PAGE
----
Hunger and political instability

Even before Russia began the massive invasion of Ukraine, 2022 was shaping up to be a year of sky-high food prices, shortages, and widespread starvation in many areas of the globe. Now, Ukraine is experiencing a tremendous humanitarian catastrophe, with the war’s consequences resonating throughout the world. This year, there will likely be insufficient food to feed the entire planet.
According to the UN’s World Food Programme, the situation is rapidly deteriorating, with a significant risk of famine in portions of the Middle East and Africa. Wheat, corn, barley, rye, sunflower seeds, and other crops were key exports from Russia and Ukraine. Around 30% of the world wheat trade was provided by these two countries, as it takes months to cultivate and harvest grains, and the loss of some of these crops cannot be made up fast. This issue is more difficult to correct than the oil supply crisis in many ways. While oil prices have dropped, wheat prices remain at record highs making it less affordable for poor consumers in several regions of the world in the next few months.
Food costs will rise even more in wealthy countries like the United States, Australia, and much of the European Union, economically overburdening lower-income people who are already marred by inflation. Food crises are further deepening in third world countries that do not have the money to pay for a double-digit surge in food costs, there will be a true risk of starvation and famine in many areas of the developing globe. Fifty countries are at a high risk of facing food insecurity, many of which are among the poorest in North Africa, Asia, and the Middle East rely on Russia and Ukraine for more than 30% of their wheat.
The worst solution to the food crisis would be for affluent countries to suspend or severely restrict key crop exports. It is natural to hoard all available goods in difficult times, yet this exacerbates hunger in underdeveloped countries. During the Great Recession of 2008, dozens of nations drastically restricted the export of key crops, resulting in food riots from Egypt to Haiti. Wheat, flour, and beans have already been outlawed in Egypt. Meanwhile, China has been secretly acquiring supplies from the international market.
Increased financial contribution to the World Food Program and similar efforts would be a preferable option for the US and its allies. These organisations are well-connected to numerous suppliers and respond rapidly to local demands. During this food crisis, it would also be beneficial if the US repealed or at least temporarily waived the renewable fuel mandate, which diverts large volumes of corn, sorghum, and barley to ethanol production.
The global food problem will not be solved soon, but wealthy countries may take steps to prevent widespread hunger and its instability. Whereas the situation is even more intense for Pakistan, owing to the government’s bad governance, unfair subsidy policies and the current political crisis that might push the country towards ‘huger riots’. Being a third-world country and under the pressure of global inflation, the situation has worsened for Pakistan. Inflation in Pakistan is predicted to reach 15% by the summer. The United Nations’ Food and Agriculture Organisation is also reporting record-high food costs through its Food Price Index, which presently stands at 159—the highest since 1990—food prices in Pakistan will continue to rise. Already, the country is seeing double-digit inflation. In March, food prices rose from 14.5 to 15.5 percent, prompting experts to warn of an impending threat to food security.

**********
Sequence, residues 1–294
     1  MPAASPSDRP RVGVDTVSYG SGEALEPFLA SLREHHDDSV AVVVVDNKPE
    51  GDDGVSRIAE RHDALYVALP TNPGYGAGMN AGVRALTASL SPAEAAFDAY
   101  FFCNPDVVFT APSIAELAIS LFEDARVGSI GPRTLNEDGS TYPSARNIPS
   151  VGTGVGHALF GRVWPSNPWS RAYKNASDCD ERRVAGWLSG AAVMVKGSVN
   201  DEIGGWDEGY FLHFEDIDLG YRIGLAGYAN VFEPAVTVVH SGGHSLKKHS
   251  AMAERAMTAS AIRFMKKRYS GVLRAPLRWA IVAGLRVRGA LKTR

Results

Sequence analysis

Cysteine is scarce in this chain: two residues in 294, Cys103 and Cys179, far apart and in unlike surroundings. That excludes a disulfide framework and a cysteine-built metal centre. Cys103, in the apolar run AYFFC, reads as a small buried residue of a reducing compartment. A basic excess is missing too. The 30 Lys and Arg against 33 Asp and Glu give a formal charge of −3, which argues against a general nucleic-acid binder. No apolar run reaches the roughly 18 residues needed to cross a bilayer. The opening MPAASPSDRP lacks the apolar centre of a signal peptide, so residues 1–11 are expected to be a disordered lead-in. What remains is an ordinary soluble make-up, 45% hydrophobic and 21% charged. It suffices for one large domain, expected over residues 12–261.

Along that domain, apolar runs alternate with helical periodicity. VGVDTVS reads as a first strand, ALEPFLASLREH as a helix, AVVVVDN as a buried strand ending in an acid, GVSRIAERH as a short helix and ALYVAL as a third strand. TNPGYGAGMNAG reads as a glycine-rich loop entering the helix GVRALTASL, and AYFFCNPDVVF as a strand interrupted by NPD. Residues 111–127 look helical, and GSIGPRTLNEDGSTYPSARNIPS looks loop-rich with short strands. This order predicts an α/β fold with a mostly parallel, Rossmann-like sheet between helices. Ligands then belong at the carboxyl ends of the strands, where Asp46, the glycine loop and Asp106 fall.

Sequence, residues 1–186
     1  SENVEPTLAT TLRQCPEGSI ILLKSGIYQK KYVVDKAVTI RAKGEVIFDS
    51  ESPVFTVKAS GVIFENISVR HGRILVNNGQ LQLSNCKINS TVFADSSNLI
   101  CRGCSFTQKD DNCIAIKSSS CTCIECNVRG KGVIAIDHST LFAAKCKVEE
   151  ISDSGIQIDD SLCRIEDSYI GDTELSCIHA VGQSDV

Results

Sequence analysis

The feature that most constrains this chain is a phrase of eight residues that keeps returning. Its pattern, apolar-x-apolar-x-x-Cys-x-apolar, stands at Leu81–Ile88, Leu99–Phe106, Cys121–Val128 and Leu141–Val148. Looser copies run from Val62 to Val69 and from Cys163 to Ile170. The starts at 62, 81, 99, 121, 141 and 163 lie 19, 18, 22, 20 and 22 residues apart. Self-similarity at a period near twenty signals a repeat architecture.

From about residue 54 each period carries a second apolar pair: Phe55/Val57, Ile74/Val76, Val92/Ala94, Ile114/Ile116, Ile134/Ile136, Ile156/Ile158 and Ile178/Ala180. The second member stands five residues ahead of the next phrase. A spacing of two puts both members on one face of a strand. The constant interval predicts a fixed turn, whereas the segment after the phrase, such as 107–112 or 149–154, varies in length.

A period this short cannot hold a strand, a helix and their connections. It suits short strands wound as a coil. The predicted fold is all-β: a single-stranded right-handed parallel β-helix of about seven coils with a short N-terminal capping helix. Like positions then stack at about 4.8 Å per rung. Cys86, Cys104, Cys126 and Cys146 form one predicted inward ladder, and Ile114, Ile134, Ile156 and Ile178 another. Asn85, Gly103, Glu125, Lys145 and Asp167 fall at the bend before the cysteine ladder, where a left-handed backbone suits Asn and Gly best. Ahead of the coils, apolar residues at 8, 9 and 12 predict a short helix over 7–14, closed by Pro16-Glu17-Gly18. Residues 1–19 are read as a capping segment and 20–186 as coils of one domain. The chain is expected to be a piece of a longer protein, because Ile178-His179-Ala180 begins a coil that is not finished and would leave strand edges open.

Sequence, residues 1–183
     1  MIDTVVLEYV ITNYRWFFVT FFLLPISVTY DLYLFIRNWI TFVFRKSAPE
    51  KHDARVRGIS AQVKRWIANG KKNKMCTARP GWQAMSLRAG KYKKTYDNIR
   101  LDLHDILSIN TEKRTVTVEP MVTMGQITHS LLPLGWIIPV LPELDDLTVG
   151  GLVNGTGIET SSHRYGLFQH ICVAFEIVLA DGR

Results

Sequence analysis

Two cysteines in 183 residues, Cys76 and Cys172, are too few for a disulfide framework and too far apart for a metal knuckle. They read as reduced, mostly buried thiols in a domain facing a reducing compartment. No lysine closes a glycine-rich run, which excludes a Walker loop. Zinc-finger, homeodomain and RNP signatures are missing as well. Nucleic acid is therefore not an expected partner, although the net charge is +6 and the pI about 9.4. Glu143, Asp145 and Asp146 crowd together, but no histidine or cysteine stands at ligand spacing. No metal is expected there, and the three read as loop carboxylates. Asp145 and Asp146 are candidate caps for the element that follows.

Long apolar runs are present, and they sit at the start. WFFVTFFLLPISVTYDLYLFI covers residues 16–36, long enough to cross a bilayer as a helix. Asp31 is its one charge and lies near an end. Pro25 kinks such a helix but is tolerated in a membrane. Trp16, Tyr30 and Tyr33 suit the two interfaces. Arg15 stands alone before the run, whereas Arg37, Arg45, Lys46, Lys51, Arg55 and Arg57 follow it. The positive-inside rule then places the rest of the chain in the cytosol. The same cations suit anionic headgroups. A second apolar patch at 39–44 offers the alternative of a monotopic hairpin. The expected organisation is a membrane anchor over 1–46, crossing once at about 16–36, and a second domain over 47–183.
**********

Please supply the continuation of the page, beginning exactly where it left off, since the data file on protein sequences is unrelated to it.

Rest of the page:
In the wake of a variety of factors contributing to food insecurity in Pakistan. The government carries a significant amount of responsibility for failing to tackle the food shortage issue. The Pakistan Agricultural Research Council’s Syed Fakhar Imam criticised the government’s agricultural management, overemphasising on wheat, inefficient fertiliser and irrigation systems, insufficient infrastructure in the western regions, and a lack of new knowledge development. Unfair subsidy programs that favor producers excessively all the while disadvantaging consumers, is partly to blame along with uneven land allocation which contributes to food insecurity.
A widening poverty gap is dividing society as the wealthy become wealthier, but the number of hungry rag pickers grows. This goes against the state’s obligation to promote the people’s social and economic well-being as stated in Article 38 of the Pakistani Constitution which specifically mentions food equity. What must be understood is that food insecurity is not just about poverty or farming. It also has a variety of humanitarian, socio-economic, environmental, political, and security implications that may jeopardise the national security of the country.
Pakistan has also ratified several international human rights treaties that recognise the right to food, including the International Covenant on Economic, Social, and Cultural Rights, the Convention on the Rights of the Child, and the Convention on the Elimination of All Forms of Discrimination Against Women. As a result, the state has a legal obligation to preserve its inhabitants’ right to food and secure their food security under national and international law.
The only solutions are land or agricultural modifications and international conferences addressing global food prices. It is founded on a significant shift in thought as well as the implementation of the rule of law and democracy, which strengthens the people. Because the causes of food insecurity are systemic, the solutions must, likewise, be structural. Food security is intrinsically tied to justice, the rule of law, and improved political circumstances.

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